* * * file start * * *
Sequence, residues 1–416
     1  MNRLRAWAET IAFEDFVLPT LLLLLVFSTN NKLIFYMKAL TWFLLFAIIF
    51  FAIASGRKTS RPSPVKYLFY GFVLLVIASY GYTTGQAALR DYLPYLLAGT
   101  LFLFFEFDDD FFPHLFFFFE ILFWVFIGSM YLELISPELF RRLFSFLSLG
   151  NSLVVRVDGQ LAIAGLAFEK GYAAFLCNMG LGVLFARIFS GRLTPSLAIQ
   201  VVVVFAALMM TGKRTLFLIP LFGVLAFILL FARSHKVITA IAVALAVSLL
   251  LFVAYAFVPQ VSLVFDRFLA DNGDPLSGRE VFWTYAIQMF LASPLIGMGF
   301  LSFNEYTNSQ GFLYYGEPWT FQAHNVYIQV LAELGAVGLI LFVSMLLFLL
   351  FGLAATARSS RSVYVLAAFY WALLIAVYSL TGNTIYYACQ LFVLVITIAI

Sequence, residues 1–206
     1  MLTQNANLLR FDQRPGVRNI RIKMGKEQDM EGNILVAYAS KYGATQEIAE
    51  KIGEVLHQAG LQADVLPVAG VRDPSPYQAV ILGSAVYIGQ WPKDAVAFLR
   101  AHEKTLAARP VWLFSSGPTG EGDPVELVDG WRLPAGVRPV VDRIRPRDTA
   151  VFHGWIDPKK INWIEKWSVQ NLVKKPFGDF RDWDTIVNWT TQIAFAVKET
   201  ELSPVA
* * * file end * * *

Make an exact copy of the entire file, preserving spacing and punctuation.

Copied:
Sequence, residues 1–416
     1  MNRLRAWAET IAFEDFVLPT LLLLLVFSTN NKLIFYMKAL TWFLLFAIIF
    51  FAIASGRKTS RPSPVKYLFY GFVLLVIASY GYTTGQAALR DYLPYLLAGT
   101  LFLFFEFDDD FFPHLFFFFE ILFWVFIGSM YLELISPELF RRLFSFLSLG
   151  NSLVVRVDGQ LAIAGLAFEK GYAAFLCNMG LGVLFARIFS GRLTPSLAIQ
   201  VVVVFAALMM TGKRTLFLIP LFGVLAFILL FARSHKVITA IAVALAVSLL
   251  LFVAYAFVPQ VSLVFDRFLA DNGDPLSGRE VFWTYAIQMF LASPLIGMGF
   301  LSFNEYTNSQ GFLYYGEPWT FQAHNVYIQV LAELGAVGLI LFVSMLLFLL
   351  FGLAATARSS RSVYVLAAFY WALLIAVYSL TGNTIYYACQ LFVLVITIAI

Sequence, residues 1–206
     1  MLTQNANLLR FDQRPGVRNI RIKMGKEQDM EGNILVAYAS KYGATQEIAE
    51  KIGEVLHQAG LQADVLPVAG VRDPSPYQAV ILGSAVYIGQ WPKDAVAFLR
   101  AHEKTLAARP VWLFSSGPTG EGDPVELVDG WRLPAGVRPV VDRIRPRDTA
   151  VFHGWIDPKK INWIEKWSVQ NLVKKPFGDF RDWDTIVNWT TQIAFAVKET
   201  ELSPVA